Tuesday, June 06, 2017

I Grow Weary of People Who Look for Reasons Not to Win

Don't assume there is an Assad-friendly stalemate in Syria. We can still defeat Assad.

Is Syria effectively broken up?

Syria, after all, is today divided into no less than seven enclaves: the territory controlled by the regime, three separate areas of rebel control, two Kurdish cantons, and the Islamic State area. ...

The regime cannot now be militarily defeated, a significant success for its diplomacy and arms. But neither has it any clear road to victory. I asked one Information Ministry official about the future of eastern Syria, given the growing strength of the U.S.-backed SDF in the region. His response summed up the underlying reality of the regime’s current position: “We don’t know.”

The author at least recognizes that despite defeat at Aleppo, the rebels are hardly crushed.

But I think he over-states the security of the regime. After the tremendous casualties they have endured, I think that the regime could crack. Who knows what would trigger that?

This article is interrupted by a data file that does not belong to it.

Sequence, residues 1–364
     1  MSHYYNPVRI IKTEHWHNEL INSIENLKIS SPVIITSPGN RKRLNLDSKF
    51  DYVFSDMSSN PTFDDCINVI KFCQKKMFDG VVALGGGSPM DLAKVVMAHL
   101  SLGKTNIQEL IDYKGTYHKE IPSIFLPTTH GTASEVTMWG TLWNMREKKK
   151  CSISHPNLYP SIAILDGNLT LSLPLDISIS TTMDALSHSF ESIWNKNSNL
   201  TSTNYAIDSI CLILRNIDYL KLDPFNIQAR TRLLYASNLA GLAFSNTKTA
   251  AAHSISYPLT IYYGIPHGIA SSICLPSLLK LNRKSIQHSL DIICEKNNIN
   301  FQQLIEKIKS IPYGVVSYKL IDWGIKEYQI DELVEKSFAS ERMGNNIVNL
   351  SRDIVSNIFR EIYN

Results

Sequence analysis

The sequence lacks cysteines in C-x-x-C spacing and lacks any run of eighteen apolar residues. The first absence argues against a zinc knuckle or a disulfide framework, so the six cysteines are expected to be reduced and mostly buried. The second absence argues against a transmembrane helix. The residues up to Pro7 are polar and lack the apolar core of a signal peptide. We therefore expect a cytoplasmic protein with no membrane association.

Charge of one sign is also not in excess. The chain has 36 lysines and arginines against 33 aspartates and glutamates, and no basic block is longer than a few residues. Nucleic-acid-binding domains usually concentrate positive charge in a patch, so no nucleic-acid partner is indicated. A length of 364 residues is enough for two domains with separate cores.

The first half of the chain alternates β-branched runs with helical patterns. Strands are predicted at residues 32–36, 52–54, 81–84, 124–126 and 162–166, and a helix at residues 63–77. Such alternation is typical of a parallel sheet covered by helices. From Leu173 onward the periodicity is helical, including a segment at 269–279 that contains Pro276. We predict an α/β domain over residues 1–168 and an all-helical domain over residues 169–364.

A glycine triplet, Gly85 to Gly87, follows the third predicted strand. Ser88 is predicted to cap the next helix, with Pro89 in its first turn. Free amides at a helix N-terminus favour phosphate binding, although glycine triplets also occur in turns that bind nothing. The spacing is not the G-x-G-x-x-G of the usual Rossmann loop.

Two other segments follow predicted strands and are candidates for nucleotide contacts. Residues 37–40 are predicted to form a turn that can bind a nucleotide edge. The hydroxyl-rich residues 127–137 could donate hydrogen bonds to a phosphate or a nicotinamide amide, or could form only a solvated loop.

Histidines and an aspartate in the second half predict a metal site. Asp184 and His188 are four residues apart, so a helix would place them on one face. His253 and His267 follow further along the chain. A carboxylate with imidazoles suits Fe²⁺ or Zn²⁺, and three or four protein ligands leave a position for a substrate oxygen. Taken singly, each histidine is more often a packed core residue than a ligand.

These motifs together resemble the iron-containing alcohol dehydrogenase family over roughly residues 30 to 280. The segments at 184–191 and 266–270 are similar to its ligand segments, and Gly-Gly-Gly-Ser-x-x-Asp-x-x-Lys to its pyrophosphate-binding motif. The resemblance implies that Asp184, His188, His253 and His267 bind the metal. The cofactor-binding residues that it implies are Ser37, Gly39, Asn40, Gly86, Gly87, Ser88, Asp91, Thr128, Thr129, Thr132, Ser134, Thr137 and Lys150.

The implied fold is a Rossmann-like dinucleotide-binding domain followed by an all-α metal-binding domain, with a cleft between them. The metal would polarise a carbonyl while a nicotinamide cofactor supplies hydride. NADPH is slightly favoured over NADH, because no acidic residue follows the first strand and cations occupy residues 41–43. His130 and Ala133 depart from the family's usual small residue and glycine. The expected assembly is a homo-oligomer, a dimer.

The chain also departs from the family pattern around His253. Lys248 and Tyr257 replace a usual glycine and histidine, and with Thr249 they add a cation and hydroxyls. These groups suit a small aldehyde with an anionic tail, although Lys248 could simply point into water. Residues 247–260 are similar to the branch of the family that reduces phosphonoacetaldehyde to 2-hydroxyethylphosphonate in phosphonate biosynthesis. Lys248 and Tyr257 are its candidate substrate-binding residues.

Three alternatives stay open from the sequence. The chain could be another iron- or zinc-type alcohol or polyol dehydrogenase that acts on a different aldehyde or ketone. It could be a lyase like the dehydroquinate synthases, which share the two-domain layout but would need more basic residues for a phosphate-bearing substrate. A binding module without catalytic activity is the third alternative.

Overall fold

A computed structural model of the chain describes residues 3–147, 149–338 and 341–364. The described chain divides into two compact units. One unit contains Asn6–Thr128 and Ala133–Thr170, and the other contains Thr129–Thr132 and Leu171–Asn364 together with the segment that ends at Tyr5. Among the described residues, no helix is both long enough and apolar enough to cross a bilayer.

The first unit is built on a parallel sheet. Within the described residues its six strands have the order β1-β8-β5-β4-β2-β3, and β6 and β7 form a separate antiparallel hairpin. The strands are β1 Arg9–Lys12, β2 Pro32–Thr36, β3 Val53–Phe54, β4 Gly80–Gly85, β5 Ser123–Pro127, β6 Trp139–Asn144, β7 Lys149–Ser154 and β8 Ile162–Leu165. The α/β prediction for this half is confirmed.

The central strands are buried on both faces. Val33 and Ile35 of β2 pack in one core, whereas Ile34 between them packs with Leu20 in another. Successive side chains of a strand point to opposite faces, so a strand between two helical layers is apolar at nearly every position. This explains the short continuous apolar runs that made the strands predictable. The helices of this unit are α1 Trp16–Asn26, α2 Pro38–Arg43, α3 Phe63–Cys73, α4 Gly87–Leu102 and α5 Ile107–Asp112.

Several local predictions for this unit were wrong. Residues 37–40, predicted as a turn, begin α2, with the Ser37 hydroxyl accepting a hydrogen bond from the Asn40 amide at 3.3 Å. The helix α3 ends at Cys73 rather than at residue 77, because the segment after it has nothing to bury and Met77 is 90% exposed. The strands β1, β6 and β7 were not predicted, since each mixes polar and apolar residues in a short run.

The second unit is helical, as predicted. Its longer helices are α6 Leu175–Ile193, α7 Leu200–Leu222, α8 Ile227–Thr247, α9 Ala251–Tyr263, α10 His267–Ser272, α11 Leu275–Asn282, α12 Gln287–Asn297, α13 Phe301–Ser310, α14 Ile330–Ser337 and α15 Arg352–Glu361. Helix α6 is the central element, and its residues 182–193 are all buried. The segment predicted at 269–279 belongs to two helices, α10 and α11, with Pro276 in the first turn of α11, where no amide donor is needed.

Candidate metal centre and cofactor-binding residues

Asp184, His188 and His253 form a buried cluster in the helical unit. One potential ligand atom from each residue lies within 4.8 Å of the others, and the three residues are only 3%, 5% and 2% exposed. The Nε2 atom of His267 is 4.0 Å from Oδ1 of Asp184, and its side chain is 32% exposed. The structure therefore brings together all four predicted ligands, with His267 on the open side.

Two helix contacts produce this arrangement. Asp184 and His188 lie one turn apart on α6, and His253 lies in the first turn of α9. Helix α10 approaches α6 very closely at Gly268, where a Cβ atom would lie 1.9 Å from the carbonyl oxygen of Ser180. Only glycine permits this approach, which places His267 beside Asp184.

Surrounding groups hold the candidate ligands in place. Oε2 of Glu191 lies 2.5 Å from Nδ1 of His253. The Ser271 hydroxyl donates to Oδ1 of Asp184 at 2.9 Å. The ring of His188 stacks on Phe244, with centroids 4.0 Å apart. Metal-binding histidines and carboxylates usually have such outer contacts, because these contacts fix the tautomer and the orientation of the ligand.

Also, the regime territory is more fragmented than the author believes. It isn't just the rebel-held regions that Assad would have to reassert control over to recreate Syria as a political entity and not a geographic term.

That feudalism--if not overcome by Assad--gives America the chance to flip local warlords now fighting for Assad who both fear American power post-ISIL and hope for benefits.

The author also correctly notes that Russia only cares about securing the western part of Syria to have air and naval bases to operate in the eastern Mediterranean Sea.

But Iran has incentive to push for control over eastern Syria to gain an overland supply route through Iraq and Syria to Hezbollah in Lebanon.

So America can focus on the east and south--perhaps all the way to Damascus--where Iran has interests while minimizing Russia's appetite to resist our efforts to weaken Assad.